Clonazepam and Clobazam


Brief Overview:

Clonazepam (Klonopin®) and clobazam (Onfi®) belong to a class of medications called benzodiazepines, which include several other anti-seizure medications such as lorazepam (Ativan®), diazepam (Diastat®, Valium®), clorazepate (Tranxene®), and many others. In general, this class of medications does not appear to be very effective in the treatment of infantile spasms, but is commonly reported to reduce the "intensity" of individual spasms. There is concern that these medications may mask the appearance of spasms without adequately addressing associated electrical abnormalities in the brain (hypsarrhythmia). Neither drug works especially quickly and should not be given with the intent to quickly abolish a cluster of spasms. This is in contrast to other members of this drug family (e.g. Ativan®, Diastat®), which are both frequently prescribed to abort clusters of seizures (non-spasms). 

Clobazam and clonazepam are supplied in tablets (which can be cut or crushed) and clonazepam is also available in the form of a "wafer" which can dissolve in the mouth.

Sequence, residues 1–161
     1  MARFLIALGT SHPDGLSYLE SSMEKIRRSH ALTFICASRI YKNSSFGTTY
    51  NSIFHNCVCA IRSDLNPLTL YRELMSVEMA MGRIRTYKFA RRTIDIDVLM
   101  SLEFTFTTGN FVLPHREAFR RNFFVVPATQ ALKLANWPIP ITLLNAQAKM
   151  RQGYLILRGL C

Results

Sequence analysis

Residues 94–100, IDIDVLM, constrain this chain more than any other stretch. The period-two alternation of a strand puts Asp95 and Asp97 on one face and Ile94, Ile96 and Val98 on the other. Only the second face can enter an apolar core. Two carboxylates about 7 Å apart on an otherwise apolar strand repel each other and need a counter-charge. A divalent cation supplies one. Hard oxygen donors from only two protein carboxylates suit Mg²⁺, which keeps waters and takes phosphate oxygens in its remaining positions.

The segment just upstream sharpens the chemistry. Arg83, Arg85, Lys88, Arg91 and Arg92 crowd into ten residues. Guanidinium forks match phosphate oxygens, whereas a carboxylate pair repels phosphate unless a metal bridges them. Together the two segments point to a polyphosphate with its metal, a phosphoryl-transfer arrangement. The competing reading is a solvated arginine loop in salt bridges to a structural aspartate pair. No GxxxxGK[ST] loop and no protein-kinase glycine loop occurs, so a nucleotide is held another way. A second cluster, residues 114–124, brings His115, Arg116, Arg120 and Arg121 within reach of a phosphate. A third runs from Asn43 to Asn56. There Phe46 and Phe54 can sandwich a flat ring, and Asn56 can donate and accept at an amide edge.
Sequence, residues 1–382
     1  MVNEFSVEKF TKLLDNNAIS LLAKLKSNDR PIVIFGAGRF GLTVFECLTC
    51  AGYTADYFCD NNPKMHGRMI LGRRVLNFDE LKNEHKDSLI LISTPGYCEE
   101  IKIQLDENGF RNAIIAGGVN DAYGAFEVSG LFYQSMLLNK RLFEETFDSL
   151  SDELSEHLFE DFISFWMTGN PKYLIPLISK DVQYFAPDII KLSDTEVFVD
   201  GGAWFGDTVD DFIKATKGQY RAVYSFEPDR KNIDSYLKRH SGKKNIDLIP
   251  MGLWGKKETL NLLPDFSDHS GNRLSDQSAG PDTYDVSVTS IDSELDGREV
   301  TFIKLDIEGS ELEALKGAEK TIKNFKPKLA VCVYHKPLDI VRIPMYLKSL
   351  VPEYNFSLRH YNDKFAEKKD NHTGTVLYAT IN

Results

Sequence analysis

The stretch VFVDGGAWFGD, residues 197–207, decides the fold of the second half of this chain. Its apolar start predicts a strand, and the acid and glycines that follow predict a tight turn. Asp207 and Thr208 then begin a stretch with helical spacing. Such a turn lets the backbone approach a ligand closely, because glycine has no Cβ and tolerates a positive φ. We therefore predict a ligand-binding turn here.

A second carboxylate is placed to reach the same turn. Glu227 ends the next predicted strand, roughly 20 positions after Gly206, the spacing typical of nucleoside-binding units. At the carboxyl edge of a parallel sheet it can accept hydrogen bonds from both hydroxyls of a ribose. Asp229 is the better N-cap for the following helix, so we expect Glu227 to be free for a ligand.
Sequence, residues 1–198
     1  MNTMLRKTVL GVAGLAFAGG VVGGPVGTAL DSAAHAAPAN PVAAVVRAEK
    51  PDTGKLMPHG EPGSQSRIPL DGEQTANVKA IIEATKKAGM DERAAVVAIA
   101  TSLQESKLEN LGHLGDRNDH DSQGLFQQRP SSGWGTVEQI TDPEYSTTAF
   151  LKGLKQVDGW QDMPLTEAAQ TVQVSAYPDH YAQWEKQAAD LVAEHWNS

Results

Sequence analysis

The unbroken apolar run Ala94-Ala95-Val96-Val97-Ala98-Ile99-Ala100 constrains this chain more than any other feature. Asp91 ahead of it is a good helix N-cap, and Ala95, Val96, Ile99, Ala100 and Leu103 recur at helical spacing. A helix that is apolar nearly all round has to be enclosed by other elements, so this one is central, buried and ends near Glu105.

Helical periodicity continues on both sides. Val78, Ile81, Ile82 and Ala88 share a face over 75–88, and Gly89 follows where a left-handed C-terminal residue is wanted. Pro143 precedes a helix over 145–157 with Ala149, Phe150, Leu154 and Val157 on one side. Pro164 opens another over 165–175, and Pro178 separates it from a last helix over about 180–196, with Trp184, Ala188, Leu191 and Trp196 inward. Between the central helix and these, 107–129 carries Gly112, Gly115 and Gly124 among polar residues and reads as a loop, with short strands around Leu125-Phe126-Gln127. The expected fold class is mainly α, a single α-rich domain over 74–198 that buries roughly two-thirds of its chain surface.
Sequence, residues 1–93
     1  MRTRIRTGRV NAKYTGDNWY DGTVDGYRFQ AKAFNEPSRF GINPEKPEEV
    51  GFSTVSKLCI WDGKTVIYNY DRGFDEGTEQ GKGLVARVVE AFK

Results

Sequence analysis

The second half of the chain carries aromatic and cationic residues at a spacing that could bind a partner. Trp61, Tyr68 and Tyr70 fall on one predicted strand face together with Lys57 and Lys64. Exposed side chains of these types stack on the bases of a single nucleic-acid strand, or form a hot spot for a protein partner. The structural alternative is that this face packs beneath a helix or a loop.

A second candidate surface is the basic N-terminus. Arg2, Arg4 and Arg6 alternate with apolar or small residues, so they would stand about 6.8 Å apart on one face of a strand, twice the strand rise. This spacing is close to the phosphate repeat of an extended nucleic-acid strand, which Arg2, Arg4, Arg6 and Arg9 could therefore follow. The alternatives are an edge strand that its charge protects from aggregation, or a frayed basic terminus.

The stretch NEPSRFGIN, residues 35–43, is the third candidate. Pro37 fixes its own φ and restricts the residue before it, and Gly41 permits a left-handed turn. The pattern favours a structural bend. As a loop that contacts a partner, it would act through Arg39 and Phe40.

Dosage:

For clonazepam, typical dosages range from 0.1 to 0.3 mg/kg/day, divided in 2 to 3 doses each day. Clobazam dosage ranges from 0.5 to 1.5 mg/kg/day, divided in 2 daily doses. The length of a treatment course varies greatly among patients and practitioners, but is usually months in duration, assuming a substantial response is observed in the initial weeks of therapy.

Side Effects:

Clonazepam and clobazam (and indeed, all benzodiazepines) are notorious for causing sedation—and in rare cases—they may paradoxically cause agitation. Anecdotal reports indicate that clobazam is somewhat less sedating than other benzodiazepines. This class of medications should not be discontinued suddenly as abrupt withdrawal may provoke seizures. You should contact your physician immediately in the event any of these side effects are observed or suspected.


Disclaimer:

This medication should be administered only under the direct supervision of a physician.

Although efforts are made to keep this website correct and up-to-date, we urge caution in interpreting the information you find here. This is in no way a substitute for the advice and care of a pediatric neurologist. Please view the terms of use.


Disclaimer:

These medications should be administered only under the direct supervision of a physician.

Although efforts are made to keep this website correct and up-to-date, we urge caution in interpreting the information you find here. This is in no way a substitute for the advice and care of a pediatric neurologist. Please view the terms of use.


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